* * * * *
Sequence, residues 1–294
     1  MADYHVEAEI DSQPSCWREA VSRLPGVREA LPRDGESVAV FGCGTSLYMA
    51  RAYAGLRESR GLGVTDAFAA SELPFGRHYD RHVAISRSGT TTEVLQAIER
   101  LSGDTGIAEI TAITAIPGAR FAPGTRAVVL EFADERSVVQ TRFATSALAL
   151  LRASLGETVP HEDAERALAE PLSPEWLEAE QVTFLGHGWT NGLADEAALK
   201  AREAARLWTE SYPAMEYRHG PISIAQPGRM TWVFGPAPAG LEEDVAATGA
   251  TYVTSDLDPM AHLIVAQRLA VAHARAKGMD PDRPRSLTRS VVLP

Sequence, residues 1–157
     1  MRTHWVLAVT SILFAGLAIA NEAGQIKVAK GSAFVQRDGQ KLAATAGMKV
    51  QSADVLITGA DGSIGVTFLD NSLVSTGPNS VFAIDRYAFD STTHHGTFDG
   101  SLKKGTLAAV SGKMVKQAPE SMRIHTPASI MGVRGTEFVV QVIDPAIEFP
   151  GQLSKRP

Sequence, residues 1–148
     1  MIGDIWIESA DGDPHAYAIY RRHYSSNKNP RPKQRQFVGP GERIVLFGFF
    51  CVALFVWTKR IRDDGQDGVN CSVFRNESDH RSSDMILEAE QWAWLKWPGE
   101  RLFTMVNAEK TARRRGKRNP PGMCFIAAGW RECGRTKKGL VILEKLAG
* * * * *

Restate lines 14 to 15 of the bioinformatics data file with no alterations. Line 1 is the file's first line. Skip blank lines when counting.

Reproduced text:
     1  MIGDIWIESA DGDPHAYAIY RRHYSSNKNP RPKQRQFVGP GERIVLFGFF
    51  CVALFVWTKR IRDDGQDGVN CSVFRNESDH RSSDMILEAE QWAWLKWPGE